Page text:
Merry-making is in full swing on Stainsby Festival’s field of gold.
The 50th celebration has drawn some of the most popular musicians and singers from down the years and families are enjoying the start of the school holidays.
Martha Tilston and Lost Padres are among performers tomorrow (Sunday) when the festival’s birthday will be celebrated in style at Brunts Farm, Stainsby, near Heath.
Tonight sees the public premiere of a collaboration between nationally renowned singers Judy Dunlop and Edwina Hayes.
And it’s the last performance by Stainsby favourites Loscoe State Opera who top the bill in what promises to be a very special concert.
The sun is making fleeting appearances to ensure that nothing is going to rain on Stainsby’s parade.
Even a downpour last night failed to stop the opening ceremony going ahead as planned.
Festival history was made on the main stage when Dizraeli got a standing ovation midway through his set and a second one when he finished his performance.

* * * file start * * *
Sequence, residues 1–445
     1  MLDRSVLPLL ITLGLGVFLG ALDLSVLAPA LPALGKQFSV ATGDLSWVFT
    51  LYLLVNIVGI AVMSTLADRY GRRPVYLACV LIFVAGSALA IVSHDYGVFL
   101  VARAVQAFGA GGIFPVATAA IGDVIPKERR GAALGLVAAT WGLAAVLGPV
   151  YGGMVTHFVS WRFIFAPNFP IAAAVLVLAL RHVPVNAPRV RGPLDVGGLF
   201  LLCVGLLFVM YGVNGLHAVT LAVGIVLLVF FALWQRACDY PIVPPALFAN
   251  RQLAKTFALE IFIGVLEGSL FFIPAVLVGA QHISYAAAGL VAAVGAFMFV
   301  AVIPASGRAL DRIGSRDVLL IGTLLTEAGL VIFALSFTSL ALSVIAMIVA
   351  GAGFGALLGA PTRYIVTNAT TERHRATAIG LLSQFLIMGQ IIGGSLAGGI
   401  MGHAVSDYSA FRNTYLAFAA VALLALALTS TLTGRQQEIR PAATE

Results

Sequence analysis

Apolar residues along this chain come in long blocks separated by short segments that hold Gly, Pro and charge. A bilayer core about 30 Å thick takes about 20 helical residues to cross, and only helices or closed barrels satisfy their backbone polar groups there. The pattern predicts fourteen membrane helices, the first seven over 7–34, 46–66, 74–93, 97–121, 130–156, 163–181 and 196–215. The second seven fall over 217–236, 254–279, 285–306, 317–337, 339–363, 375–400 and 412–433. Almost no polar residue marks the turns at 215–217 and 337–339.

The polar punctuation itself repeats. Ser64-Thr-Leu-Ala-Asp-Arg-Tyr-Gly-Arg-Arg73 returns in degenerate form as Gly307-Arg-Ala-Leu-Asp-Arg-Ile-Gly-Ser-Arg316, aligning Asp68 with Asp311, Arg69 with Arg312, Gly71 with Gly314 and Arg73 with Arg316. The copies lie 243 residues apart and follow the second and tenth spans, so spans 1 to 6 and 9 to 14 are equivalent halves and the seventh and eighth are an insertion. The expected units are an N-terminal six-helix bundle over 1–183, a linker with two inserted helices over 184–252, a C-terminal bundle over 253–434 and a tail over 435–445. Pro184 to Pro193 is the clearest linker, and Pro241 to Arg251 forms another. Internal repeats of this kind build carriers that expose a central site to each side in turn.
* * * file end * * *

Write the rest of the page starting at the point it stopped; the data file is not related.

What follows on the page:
He brought the house down yet again having done it first time around as frontman with the Small Gods.
Now a solo artist, he’s a West Country rapper spouting poetry from the streets and a mean guitarist who knows how to work a crowd.
However, using the f-word - which he did repeatedly in one song - is never a good move at a family festival and even Dizraeli realised he’d crossed the line. For every punter who walked out, there were dozens who stayed for the rest of his performance.
His awesome vocal range was at its best in a song which was inspired by his mum breaking her pelvis while pruning roses.
Dizraeli had had a few demons to conquer since his last appearance at Stainsby, bravely telling us he’d had “a bit of breakdown” . His new album, The Unmaster, tell of that journey and will be released in December thanks to Crowdfunding supporters who have raised £20,000 towards production and distribution.
Rounding off Friday night’s main stage entertainment Apple of My Eye Eye ticked the box marked wholesome entertainment.
With their families watching them from the front row - three members of the band had become dads since they last played the festival - Apple of my Eye put on a real variety show which included a quirky song entitled Polar Bear.
There were mellow folk, tunes and great harmonisation in several songs, including Xandor, to ease us in gently then it was full throttle party time.
A song about black sheep in families got the revellers dancing and they never stopped. The Beast Below and Brother James, from the new album, were lapped up as was the action sing-song finale about firing a cannon at a giant squid. All good, clean, family fun.